Note: The following recipe includes directions for both gluten-free crackers (care of Natalie from Gluten-A-Go-Go) and traditional all-purpose flour crackers.

Makes 1 sheet pan of crackers

1 1/2 cups (6.75 oz) unbleached bread flour or gluten free flour blend (If you use a blend without xanthan gum, add 1 tsp xanthan or guar gum to the recipe)
1/2 tsp (.13 oz) salt
1/2 tsp (.055 oz) instant yeast
1 tbsp (.75 oz) agave syrup or sugar
1 tbsp (.5 oz) vegetable oil
1/3 to 1/2 cup + 2 tbsp (3 to 4 oz) water, at room temperature
Poppy seeds, sesame seeds, paprika, cumin seeds, caraway seeds, or kosher salt for toppings

1. In a mixing bowl, stir together the flour, salt yeast, agave, oil, and just enough water to bring everything together into a ball. You may not need the full 1/2 cup + 2 tbsp of water, but be prepared to use it all if needed.

2. For Non Gluten Free Cracker Dough: Sprinkle some flour on the counter and transfer the dough to the counter. Knead for about 10 minutes, or until the ingredients are evenly distributed. The dough should be firmer than French bread dough, but not quite as firm as bagel dough (what I call medium-firm dough), satiny to the touch, not tacky, and supple enough to stretch when pulled. Lightly oil a bowl and transfer the dough to the bowl, rolling it around to coat it with oil. Cover the bowl with plastic wrap.


2. For Gluten Free Cracker Dough: The dough should be firmer than French bread dough, but not quite as firm as bagel dough (what I call medium-firm dough), and slightly tacky. Lightly oil a bowl and transfer the dough to the bowl, rolling it around to coat it with oil. Cover the bowl with plastic wrap.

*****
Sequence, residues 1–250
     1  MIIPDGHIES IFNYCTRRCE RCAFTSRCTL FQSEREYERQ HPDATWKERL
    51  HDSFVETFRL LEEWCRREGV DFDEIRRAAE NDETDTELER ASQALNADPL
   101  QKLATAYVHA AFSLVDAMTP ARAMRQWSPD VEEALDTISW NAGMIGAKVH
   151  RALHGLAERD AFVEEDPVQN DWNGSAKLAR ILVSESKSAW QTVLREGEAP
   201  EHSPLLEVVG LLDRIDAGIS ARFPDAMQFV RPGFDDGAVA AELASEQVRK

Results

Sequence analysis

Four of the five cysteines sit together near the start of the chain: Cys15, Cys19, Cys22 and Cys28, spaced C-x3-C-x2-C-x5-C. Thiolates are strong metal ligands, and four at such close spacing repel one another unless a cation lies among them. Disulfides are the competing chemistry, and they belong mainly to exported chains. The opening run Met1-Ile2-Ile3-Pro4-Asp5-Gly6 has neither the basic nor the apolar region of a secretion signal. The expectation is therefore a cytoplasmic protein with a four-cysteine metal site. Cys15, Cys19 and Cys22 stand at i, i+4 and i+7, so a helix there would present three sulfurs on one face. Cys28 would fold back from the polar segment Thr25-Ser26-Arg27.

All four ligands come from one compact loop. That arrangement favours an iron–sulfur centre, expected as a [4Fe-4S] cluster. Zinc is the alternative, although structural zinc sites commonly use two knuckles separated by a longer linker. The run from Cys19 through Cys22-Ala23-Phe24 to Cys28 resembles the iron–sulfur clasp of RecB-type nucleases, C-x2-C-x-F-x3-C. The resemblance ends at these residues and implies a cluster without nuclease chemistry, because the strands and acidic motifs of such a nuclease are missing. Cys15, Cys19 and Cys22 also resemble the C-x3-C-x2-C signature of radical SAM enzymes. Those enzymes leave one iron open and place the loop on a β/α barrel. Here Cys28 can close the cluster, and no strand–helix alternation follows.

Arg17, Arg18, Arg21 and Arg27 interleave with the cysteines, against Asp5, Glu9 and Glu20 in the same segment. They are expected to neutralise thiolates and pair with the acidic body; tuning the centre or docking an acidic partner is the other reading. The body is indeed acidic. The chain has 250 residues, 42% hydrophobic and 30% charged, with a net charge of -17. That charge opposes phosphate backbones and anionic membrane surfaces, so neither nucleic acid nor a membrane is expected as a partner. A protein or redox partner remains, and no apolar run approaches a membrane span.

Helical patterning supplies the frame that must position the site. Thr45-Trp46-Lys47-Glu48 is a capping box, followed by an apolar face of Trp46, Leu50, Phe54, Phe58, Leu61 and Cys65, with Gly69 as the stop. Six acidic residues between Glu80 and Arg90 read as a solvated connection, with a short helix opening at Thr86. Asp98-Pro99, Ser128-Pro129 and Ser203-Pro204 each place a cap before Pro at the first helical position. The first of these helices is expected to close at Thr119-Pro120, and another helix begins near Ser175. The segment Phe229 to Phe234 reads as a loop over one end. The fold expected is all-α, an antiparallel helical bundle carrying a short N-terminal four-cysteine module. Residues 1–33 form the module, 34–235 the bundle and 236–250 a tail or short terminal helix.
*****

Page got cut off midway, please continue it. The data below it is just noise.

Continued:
3. Ferment at room temperature for 90 minutes, or until the dough doubles in size. (You can also retard the dough overnight in the refrigerator immediately after kneading or mixing).

4. For Non Gluten Free Cracker Dough: Mist the counter lightly with spray oil and transfer the dough to the counter. Press the dough into a square with your hand and dust the top of the dough lightly with flour. Roll it out with a rolling pin into a paper thin sheet about 15 inches by 12 inches. You may have to stop from time to time so that the gluten can relax. At these times, lift the dough from the counter and wave it a little, and then lay it back down. Cover it with a towel or plastic wrap while it relaxes. When it is the desired thinness, let the dough relax for 5 minutes. Line a sheet pan with baking parchment. Carefully lift the sheet of dough and lay it on the parchment. If it overlaps the edge of the pan, snip off the excess with scissors.


4. For Gluten Free Cracker Dough: Lay out two sheets of parchment paper. Divide the cracker dough in half and then sandwich the dough between the two sheets of parchment. Roll out the dough until it is a paper thin sheet about 15 inches by 12 inches. Slowly peel away the top layer of parchment paper. Then set the bottom layer of parchment paper with the cracker dough on it onto a baking sheet.

5. Preheat the oven to 350˚F with the oven rack on the middle shelf. Mist the top of the dough with water and sprinkle a covering of seeds or spices on the dough (such as alternating rows of poppy seeds, sesame seeds, paprika, cumin seeds, caraway seeds, kosher or pretzel salt, etc.) Be careful with spices and salt - a little goes a long way. If you want to precut the cracker, use a pizza cutter (rolling blade) and cut diamonds or rectangles in the dough. You do not need to separate the pieces, as they will snap apart after baking. If you want to make shards, bake the sheet of dough without cutting it first.